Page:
CHARLESTON, W.Va. -- Gov. Joe Manchin on Wednesday issued an executive order urging West Virginia's underground coal mine operators to halt production and evaluate safety practices Friday, saying it's the best way to honor the 29 miners killed in the Upper Big Branch Mine explosion last week.
"We have said that they will not have died in vain, and they haven't," Manchin said of the men killed April 5 at Massey Energy Co.'s mine in Montcoal.
The executive order designates Friday as a "day of honor and mourning" and directs state regulators to immediately inspect all of West Virginia's 200 underground mines.
Mines determined to be "high priority" must be inspected within two weeks. And if inspectors find any combustion risk or other violation, the governor wants regulators to act immediately, including possibly evacuating or closing the mine.
"I think it's extremely important that the rest of the world, the rest of this country, knows how [we value] the safety of our miners and the safety of our work conditions," Manchin said at a Capitol press conference.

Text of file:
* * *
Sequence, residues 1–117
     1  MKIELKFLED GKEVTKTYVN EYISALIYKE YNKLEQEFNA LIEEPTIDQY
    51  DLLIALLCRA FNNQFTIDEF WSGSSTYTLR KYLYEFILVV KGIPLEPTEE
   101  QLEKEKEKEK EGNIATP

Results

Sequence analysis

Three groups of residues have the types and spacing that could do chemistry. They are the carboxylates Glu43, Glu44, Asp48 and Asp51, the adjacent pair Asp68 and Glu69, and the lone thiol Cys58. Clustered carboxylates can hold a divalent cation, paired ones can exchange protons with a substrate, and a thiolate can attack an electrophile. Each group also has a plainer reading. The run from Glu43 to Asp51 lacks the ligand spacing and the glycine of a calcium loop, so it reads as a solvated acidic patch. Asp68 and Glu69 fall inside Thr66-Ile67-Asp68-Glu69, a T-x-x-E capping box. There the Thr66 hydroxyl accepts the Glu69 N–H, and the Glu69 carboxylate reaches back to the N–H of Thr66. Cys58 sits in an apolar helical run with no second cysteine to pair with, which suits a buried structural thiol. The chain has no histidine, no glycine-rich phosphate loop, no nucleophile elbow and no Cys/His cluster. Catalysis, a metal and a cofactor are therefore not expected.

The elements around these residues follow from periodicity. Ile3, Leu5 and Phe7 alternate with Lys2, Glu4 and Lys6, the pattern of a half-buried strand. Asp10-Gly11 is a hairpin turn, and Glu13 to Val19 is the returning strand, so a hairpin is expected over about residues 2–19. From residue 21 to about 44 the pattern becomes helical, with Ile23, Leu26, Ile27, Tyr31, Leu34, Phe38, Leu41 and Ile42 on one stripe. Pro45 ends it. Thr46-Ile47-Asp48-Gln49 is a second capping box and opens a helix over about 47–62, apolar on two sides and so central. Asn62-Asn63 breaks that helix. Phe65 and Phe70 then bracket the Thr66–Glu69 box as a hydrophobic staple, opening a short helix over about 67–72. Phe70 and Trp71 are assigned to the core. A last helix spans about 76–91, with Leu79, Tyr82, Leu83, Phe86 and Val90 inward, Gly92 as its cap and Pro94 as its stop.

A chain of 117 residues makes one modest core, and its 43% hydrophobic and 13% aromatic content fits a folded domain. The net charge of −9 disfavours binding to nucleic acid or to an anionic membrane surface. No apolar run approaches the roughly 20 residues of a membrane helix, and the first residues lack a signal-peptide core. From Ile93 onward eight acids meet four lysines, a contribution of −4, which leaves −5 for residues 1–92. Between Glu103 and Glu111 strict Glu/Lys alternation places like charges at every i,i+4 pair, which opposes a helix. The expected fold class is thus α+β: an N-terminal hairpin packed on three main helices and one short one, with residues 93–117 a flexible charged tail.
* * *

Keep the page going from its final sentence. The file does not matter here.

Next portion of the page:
In a statement, Massey officials said they agreed with Manchin. "We agree with the Governor's request and believe it is an appropriate way to honor the miners we lost in the Upper Big Branch tragedy," the company said. "Massey will use this as an opportunity to reflect on the events of April 5th and will focus our attention on safety and training."
The Montcoal disaster was the nation's worst in 40 years.
During last week's rescue-turned-recovery efforts, the trapped miners' families repeatedly emphasized that they wanted officials to ensure the safety of rescuers, Manchin said.
Inspectors will focus on ventilation, methane and dust control, and electrical installations, among other things, state Office of Miners' Health, Safety and Training director Ron Wooten said after the news conference.
The governor emphasized that Friday will not be a day off for miners, and said the economic impact of halting production for one day would "take care of itself."
"This is about basically re-evaluating the procedures that we have in place," he said. "This is not a day off. This is not a closure. This is nothing shut down, whatsoever."